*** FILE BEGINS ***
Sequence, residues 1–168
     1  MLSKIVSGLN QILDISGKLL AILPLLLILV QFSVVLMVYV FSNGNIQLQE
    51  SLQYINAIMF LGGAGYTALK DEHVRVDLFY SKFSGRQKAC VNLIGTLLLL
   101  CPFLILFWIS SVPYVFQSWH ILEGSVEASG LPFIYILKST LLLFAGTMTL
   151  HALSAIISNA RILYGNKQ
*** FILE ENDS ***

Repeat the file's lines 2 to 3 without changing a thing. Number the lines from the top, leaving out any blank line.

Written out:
     1  MLSKIVSGLN QILDISGKLL AILPLLLILV QFSVVLMVYV FSNGNIQLQE
    51  SLQYINAIMF LGGAGYTALK DEHVRVDLFY SKFSGRQKAC VNLIGTLLLL